Chirrut Imwe and Baze Malbus have quickly emerged as fan favorite characters from Rogue One: A Star Wars Story. But the movie's early concept art, featured in the official book The Art of Rogue One, reveal that it took quite a bit of work to settle upon the right looks that were eventually realized for Rebellion's Force-friendly blind monk and his battle-weary compatriot, played by Donnie Yen and Jiang Wen, respectively.
Both Chirrut and Baze went through 25-35 different looks from the characters' early conception to the final versions that were eventually committed to the screen. Initially, according to comicbook.com, Chirrut was entirely covered except for his eyes, and Baze may have been a four-armed alien. Chirrut had a more militaristic vibe before the character's look morphed into a sleeker, martial arts-inspired monk's garment.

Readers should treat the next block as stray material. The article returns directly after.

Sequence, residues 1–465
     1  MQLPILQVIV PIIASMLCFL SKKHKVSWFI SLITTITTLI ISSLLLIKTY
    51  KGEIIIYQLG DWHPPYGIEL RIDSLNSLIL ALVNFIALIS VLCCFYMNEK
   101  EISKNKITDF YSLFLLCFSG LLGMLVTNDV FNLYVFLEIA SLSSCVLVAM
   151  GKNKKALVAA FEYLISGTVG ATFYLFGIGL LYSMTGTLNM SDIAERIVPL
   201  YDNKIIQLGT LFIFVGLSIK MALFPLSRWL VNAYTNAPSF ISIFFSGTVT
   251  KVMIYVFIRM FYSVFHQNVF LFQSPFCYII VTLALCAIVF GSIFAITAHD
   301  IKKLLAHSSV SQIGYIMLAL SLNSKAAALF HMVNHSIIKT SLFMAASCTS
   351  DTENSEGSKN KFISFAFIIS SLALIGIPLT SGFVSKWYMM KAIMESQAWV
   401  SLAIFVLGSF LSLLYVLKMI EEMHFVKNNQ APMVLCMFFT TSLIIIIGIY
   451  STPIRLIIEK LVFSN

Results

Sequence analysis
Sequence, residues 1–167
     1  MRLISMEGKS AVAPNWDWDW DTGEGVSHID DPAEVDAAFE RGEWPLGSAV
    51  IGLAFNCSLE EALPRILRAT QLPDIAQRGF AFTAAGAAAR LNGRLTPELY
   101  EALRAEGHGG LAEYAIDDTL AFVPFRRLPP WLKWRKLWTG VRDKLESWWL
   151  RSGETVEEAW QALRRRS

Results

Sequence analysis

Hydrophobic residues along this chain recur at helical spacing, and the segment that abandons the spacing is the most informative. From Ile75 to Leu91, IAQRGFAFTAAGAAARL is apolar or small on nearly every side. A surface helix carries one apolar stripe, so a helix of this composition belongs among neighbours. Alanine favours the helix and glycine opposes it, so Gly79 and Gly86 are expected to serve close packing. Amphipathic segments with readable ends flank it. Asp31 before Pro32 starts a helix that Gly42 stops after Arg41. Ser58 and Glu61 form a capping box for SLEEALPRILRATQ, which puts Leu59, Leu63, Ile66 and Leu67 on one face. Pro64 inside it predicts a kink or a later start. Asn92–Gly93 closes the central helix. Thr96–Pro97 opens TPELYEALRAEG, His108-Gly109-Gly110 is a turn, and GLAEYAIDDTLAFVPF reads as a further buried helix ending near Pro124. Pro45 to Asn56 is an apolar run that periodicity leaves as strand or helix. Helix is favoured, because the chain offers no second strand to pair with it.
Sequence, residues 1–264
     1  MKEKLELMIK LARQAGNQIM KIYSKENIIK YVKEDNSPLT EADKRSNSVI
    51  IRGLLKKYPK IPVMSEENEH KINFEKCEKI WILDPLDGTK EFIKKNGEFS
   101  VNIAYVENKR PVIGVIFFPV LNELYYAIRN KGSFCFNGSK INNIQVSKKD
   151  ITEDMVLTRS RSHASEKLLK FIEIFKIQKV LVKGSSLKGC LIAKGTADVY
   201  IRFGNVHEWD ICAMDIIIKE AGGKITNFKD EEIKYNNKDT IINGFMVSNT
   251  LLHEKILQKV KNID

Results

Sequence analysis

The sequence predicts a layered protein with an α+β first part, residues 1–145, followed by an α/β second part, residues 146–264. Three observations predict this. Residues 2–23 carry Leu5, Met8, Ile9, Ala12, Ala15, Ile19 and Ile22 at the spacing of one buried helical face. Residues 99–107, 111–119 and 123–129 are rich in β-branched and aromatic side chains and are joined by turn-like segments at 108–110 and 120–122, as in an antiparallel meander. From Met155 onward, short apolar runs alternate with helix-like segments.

Donnie Yen apparently had some input regarding the eerie tint of Chirrut's eyes.
"At first, we were going for a look that someone with actual cataracts might have -- pure whiteness -- but it's Star Wars, and you also want your character to look cool. Different. Star Wars can't be a reality show!" says Yen. "There were debates and discussions, but I said that seeing a Chinese character with blue eyes would be so spectacular. A Caucasian or a European -- not a big deal. But for a Chinese character, that is so fresh."
Baze, rendered here with slightly shorter hair and a fuller beard, was apparently conceived as an amalgam of some of your favorite Star Wars character elements.
"Baze is like a combination of all your favorite elements of Star Wars characters. The partial armor, the boiler suit, the cool gun, the backpack," says costume designer David Crossman. "It was really driven by what we thought audiences would like -- what you'd want to see in a mercenary character like this. [Director] Gareth [Edwards] really responded well to the red, so we put some red in Chirrut as well."
Here are Baze Malbus and Chirrut Imwe in the final film:
Rogue One: A Star Wars Story, directed by Gareth Edwards, with production design by Doug Chiang and Neil Lamont, is currently in theaters. The Art of Rogue One: A Star Wars Story is available from Abrams Books.
More here: There Were More Than 30 Versions of Chirrut Imwe Designed for Rogue One: A Star Wars Story